So much for open government. The council should hold this hearing in abeyance until the COVID-19 restrictions are lifted so the public can attend this important public hearing. To do anything less would be nothing more than a charade, a sham against transparency in our local governance, and an attempt to limit our freedom of speech.

All this is evidence that our state and local government has clearly lost its way.

T. Keith Gurnee is a member of the Board of Directors of Livable California, a nonprofit organization of more than 10,000 members that advocates for equitable, livable communities, and truly affordable housing in California.

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Single party rule….we will be stuck with democrat party leadership in California until our state election system is overhauled….where is the DOJ?…..

Well said indeed. I appreciate you keeping us informed. If the people of SLO had better clarity, YOU would have been Mayor.

It is because people were informed that they voted for Heidi!sorry but we do not like twisted thruth

I am noticing a similar phenomenon here in Morro Bay.

I am a member of the Morro Bay Public Works Advisory Board (PWAB). The last monthly meeting (May 20) was our first meeting since the Covid shutdown and our first Zoom/virtual meeting. In addition to the overall “newness” of our meeting circumstances, City Manager Scott Collins and City Finance Director, Jennifer Callaway attended the meeting (“were on the Zoom call”), which was unprecedented. They never attended any of the PWAB’s previous monthly meetings. Furthermore, they announced that Finance Director Callaway was now “interim public works director”, supplanting Rob Livick, formerly in charge of the project. Livick is now simply “city engineer” and part of engineering staff in the public works department. Myself and another PWAB board member, Christian Eriendson, questioned the newly engaged city planner and finance director as to why their sudden and unannounced taking over of project oversight. City Manager Collins’ justification was a melange of covid restrictions and “precautionary measures” in this time of tight public budgets, as I recall.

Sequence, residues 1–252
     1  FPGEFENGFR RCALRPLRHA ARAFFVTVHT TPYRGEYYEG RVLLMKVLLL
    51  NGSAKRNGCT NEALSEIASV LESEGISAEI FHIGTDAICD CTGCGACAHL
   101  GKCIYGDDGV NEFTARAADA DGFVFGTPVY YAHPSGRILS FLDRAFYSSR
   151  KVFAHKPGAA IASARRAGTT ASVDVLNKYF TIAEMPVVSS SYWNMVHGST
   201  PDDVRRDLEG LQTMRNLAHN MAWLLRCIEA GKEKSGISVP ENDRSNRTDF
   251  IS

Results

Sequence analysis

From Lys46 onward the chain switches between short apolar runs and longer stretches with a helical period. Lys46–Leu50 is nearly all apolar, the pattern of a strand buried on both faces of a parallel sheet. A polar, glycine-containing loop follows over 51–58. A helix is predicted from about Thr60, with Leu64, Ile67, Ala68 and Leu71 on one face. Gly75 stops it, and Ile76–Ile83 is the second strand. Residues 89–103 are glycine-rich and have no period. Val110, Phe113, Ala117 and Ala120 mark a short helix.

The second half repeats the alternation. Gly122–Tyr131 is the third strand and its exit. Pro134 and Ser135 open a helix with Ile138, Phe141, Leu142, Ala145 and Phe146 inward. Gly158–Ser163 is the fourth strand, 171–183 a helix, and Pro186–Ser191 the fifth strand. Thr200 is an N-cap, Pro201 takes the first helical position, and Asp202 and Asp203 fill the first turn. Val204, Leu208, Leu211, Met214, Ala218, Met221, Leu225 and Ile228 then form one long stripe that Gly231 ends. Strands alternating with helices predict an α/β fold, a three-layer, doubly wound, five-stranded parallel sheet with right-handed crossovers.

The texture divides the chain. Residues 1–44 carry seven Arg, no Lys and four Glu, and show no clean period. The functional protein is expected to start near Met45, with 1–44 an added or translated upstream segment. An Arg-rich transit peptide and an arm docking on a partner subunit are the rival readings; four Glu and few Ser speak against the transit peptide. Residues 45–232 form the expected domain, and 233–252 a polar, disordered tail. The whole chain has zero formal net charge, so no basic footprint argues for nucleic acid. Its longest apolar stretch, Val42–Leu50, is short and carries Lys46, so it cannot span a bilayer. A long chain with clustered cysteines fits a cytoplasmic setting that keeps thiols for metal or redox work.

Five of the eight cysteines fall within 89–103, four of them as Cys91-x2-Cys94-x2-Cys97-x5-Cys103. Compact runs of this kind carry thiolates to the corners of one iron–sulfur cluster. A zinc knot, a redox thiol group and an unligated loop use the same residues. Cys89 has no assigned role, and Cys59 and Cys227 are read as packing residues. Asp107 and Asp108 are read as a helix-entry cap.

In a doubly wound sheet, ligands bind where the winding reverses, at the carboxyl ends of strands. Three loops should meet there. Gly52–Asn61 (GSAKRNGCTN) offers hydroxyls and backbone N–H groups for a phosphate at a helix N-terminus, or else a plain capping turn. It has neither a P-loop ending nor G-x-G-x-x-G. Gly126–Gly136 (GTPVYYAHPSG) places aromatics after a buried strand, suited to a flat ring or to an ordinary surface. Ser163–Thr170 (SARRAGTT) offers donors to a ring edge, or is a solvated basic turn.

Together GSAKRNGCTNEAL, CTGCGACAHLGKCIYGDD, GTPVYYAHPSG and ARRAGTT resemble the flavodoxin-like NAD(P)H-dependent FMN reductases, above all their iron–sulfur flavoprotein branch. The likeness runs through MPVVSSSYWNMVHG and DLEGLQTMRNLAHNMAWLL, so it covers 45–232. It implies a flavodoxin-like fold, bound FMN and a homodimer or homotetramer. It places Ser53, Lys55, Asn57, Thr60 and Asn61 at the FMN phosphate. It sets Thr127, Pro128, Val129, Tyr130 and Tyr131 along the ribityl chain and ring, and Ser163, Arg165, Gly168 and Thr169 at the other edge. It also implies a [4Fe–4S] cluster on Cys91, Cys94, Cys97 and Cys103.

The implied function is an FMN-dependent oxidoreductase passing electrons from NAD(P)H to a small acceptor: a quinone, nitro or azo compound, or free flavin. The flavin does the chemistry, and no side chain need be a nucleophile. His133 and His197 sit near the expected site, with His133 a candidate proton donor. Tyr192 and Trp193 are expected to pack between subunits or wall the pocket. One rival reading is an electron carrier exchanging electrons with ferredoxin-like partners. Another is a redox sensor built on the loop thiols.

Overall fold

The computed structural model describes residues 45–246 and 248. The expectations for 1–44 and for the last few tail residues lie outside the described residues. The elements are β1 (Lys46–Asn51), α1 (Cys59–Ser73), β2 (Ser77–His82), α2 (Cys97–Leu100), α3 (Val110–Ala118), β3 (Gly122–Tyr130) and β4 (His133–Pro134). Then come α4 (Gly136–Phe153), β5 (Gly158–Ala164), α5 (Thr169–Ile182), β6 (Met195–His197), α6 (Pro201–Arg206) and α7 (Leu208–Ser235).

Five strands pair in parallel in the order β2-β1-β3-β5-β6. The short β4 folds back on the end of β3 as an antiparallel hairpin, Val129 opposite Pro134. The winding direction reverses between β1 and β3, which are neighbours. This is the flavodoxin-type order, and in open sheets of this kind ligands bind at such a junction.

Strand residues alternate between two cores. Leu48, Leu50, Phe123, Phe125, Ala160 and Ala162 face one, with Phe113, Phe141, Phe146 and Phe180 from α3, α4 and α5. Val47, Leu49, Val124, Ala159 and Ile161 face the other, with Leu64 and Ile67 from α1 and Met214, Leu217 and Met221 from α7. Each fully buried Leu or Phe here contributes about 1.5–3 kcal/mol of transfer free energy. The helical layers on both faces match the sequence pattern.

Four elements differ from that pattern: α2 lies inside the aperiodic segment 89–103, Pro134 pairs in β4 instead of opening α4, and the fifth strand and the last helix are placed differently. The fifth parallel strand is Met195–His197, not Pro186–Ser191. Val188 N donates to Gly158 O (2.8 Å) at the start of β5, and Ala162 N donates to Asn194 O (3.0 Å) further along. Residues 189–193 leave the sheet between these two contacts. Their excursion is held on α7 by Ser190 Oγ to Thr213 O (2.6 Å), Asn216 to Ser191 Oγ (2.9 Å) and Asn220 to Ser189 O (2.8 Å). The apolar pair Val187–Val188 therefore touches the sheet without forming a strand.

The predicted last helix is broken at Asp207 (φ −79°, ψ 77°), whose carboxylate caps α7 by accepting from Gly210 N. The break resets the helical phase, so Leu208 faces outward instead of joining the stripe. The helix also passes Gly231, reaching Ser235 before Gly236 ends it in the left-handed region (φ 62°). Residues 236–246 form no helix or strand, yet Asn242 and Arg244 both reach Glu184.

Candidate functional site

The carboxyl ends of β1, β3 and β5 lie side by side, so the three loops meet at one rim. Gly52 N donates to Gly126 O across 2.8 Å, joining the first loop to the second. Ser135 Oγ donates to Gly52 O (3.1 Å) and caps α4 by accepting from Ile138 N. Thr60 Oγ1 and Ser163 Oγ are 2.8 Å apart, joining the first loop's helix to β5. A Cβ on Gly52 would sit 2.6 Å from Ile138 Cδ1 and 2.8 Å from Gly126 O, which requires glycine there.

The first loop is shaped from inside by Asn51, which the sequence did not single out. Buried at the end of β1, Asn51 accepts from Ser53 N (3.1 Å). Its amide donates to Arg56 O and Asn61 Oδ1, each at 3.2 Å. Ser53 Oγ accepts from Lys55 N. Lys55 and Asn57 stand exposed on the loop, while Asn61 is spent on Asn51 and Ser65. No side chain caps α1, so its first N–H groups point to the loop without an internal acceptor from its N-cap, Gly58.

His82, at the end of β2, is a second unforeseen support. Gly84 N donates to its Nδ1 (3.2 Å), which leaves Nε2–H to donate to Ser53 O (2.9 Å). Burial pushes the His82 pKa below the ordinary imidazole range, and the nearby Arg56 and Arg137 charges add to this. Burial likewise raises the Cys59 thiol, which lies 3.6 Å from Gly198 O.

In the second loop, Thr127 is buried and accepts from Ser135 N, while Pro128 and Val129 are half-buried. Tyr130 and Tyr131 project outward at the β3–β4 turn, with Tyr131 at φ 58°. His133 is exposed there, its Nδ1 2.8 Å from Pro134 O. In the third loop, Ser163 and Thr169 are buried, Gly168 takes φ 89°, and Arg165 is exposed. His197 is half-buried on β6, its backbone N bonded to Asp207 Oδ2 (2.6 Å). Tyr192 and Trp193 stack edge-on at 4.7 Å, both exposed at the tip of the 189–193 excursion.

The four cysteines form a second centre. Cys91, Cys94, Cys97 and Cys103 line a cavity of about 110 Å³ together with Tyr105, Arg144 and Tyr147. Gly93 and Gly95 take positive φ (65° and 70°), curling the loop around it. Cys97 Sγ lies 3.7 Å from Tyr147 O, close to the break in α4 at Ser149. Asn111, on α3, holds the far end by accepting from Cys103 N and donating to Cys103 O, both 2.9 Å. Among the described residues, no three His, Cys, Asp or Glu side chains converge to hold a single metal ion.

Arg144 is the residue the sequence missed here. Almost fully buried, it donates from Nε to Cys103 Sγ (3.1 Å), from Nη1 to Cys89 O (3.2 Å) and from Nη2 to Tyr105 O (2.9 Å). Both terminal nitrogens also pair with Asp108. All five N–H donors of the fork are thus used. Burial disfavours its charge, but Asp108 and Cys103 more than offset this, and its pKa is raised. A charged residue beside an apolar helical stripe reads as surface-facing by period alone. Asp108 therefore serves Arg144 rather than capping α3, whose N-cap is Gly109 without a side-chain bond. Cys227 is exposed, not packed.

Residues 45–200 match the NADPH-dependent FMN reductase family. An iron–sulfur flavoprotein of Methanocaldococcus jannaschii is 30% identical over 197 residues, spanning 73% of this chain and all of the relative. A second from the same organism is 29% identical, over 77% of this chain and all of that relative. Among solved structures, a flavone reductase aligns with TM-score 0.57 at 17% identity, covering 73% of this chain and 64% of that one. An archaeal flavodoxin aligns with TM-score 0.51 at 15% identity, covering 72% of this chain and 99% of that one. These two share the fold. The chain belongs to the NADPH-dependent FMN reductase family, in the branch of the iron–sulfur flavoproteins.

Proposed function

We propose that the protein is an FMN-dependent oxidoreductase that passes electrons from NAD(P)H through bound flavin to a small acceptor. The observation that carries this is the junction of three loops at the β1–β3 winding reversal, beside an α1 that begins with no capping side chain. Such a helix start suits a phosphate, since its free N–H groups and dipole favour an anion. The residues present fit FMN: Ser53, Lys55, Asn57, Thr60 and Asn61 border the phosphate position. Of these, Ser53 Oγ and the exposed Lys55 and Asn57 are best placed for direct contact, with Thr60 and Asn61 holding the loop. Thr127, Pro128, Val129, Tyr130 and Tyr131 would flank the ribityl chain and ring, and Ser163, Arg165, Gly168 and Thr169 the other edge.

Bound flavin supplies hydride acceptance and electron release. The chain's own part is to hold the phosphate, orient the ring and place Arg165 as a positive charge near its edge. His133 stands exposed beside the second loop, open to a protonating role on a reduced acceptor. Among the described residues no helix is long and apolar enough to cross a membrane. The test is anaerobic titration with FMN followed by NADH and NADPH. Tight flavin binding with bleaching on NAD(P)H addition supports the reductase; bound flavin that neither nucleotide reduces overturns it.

This particular meeting was the first one since construction began on, what has become, a controversial public works project: the $125 million Water Reclamation Facility (WRF). This project, and associated rate-increase in water-sewer bills, has divided this community (but not in a too polarized way, because the opponents are a small but vocal minority galvanized and made persistent by the larger issue of California, which you address, affordability).

During this particular meeting in May, with the sudden intervention by the City Manager and his Finance Director, the main issue on the agenda for the Advisory Board that night to discuss was a $5 million cost over-run on the WRF project coming from the development-construction contractors. This cost over-run comes only 6 weeks after breaking ground on the construction! At this rate, the project will double in cost when it finishes two years hence.

Torrey Byles

Principal Economist, Granada Research

Morro Bay

How about that Torrey, there seemed to be a little matter of a fault in the earth at the top of the project that slipped, poor planning on the engineering company that was hired for this, now is the time to put it back like it was and rebuild the plant where its at, not only that but we now have to look at that blight as we drive by on hwy one, seems to me some one at one of those planning meetings whined about seeing the existing plant from hwy I don’t see that one being a problem as you only see it for a second and it doesn’t jump out at you like this new one does. I’ll bet the old folks home is gonna love it too when the wind blows the odor right to them as its been blowing the last couple days.